Ann Moormann was elected as an AAS Fellow in 2020. As a fellow, Ann Moormann contributes to the development of the Academy’s strategic direction through participation in AAS activities and governance structures. . This gears the Academys vision of transforming african lives through science.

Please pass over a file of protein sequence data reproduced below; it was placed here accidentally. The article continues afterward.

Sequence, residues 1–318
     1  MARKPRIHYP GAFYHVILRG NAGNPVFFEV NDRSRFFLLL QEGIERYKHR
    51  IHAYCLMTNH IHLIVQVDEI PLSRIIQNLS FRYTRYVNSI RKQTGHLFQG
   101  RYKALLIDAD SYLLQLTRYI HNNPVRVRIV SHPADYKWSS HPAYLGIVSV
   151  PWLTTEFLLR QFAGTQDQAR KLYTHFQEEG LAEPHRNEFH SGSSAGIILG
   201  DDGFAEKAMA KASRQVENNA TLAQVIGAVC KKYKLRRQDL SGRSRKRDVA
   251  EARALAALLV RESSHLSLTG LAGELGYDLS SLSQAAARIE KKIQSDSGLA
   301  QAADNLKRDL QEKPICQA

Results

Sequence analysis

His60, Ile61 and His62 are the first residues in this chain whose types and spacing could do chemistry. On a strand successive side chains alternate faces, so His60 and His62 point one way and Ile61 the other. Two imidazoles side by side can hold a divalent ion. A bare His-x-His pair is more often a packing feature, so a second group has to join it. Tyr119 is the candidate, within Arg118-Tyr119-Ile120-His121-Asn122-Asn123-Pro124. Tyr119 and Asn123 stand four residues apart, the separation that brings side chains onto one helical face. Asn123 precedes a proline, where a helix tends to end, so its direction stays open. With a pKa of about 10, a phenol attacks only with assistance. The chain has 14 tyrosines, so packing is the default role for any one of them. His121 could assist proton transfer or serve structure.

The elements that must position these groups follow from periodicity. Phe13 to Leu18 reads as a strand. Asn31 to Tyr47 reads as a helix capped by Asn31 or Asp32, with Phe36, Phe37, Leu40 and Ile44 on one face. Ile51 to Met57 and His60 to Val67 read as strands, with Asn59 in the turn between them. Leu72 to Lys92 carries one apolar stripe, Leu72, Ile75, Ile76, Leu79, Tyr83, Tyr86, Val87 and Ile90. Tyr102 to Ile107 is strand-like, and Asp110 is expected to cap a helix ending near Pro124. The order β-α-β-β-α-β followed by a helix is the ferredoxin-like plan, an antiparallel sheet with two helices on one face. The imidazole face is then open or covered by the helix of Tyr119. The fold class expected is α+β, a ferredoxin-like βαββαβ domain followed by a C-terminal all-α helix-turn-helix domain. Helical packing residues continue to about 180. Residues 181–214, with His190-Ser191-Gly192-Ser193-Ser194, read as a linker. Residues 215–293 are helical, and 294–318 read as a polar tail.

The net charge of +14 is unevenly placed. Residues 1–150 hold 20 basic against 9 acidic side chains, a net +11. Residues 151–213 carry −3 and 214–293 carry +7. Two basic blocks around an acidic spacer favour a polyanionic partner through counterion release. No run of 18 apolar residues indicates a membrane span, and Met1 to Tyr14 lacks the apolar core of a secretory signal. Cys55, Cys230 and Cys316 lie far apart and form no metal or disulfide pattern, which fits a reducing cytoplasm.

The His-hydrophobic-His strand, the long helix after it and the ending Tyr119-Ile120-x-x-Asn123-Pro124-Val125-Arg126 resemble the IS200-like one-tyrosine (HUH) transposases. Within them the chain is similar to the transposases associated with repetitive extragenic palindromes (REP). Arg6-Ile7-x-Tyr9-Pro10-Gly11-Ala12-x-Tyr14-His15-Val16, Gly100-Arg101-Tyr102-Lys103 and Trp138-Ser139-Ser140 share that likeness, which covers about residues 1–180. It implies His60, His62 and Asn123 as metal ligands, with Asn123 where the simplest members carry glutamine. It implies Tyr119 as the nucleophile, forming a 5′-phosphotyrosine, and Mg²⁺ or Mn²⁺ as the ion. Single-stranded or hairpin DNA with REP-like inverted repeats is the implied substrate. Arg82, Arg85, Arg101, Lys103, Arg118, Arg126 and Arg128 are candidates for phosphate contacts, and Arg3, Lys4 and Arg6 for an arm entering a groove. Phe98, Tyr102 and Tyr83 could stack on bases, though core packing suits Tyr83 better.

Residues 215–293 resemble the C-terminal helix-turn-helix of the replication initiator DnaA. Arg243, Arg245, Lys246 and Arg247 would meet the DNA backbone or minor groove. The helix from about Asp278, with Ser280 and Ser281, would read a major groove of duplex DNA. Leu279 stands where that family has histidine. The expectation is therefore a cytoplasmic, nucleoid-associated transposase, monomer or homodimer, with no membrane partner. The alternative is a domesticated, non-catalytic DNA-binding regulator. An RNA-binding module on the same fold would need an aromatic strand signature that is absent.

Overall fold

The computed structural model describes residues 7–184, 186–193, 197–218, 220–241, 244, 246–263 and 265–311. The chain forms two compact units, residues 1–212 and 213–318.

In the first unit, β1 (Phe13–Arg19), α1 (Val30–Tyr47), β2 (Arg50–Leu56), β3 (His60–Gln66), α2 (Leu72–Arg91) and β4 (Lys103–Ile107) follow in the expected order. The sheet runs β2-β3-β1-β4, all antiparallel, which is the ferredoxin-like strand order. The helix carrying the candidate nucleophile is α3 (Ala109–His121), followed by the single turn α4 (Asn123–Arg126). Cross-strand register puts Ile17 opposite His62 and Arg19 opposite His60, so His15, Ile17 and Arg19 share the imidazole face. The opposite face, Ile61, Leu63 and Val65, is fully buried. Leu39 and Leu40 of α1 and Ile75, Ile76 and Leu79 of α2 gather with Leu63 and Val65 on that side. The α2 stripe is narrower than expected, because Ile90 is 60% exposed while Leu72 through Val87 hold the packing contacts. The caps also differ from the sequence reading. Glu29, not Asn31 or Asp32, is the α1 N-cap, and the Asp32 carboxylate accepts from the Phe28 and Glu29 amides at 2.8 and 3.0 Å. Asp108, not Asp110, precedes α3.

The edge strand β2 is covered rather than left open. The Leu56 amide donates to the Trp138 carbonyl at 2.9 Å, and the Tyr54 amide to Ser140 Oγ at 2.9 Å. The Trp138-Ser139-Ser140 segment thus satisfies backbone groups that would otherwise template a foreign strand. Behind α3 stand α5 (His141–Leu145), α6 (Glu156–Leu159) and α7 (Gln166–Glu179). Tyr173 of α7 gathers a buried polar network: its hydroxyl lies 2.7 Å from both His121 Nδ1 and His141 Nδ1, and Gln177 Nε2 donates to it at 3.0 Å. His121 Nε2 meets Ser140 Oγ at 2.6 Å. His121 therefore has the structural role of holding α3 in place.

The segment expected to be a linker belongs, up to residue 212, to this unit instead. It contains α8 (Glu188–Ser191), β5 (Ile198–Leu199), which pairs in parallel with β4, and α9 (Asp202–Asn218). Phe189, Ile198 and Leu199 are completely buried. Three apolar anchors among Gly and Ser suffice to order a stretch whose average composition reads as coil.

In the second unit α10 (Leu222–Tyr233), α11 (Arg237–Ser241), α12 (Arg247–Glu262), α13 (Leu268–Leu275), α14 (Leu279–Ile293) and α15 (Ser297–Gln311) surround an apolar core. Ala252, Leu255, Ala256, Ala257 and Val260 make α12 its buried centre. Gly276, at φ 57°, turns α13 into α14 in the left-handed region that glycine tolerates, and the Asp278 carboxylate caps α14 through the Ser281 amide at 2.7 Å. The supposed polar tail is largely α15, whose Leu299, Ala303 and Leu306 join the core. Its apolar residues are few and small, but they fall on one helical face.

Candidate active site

Ann Moormann earned her PhD in Epidemiologic Sciences and MPH in Hospital & Molecular Epidemiology at the University of Michigan, Ann Arbor. She then trained at the Center for Global Health and Diseases at Case Western Reserve University in Cleveland, Ohio. She has been a Visiting Scientist at the Center for Global Health Research, Kenya Medical Research Institute in Kisumu since 1999. She is currently a Professor of Medicine in the Division of Infectious Diseases and Immunology, Department of Medicine at the University of Massachusetts Chan Medical School in Worcester. Her research focuses on investigating the development and maintenance of protective immunity to infectious diseases, primarily Plasmodium falciparum malaria and Epstein Barr Virus (EBV); and understanding the pathogenesis of endemic Burkitt lymphoma (BL), a common pediatric cancer in sub-Sharan Africa that has been associated with these two infections. With funding from the US National Institutes of Health, she started the Kenya Burkitt Lymphoma Project in 2002. She was awarded a Denis Burkitt Fellowship from the Royal Society of Tropical Medicine in 2008. Her seminal studies have significantly increased our understanding of how persistent malaria infections during childhood shape T cell immunity and Natural Killer cell functional profiles that control viral loads. Her research is also characterizing the role of EBV and viral variants in eBL tumorigenesis. Ongoing studies, in collaboration with the Academic Model Providing Access to Healthcare (AMPATH) Oncology programs in Eldoret, Kenya aim to discover and implement new therapeutic targets that will improve outcomes for children diagnosed with EBV-associated BL in Africa. Dr. Moormann continues to mentor aspiring scientists from around the world; values diversity, equity, and inclusion; and is currently the Chair of the Young Investigator Award Committee for the American Society of Tropical Medicine and Hygiene.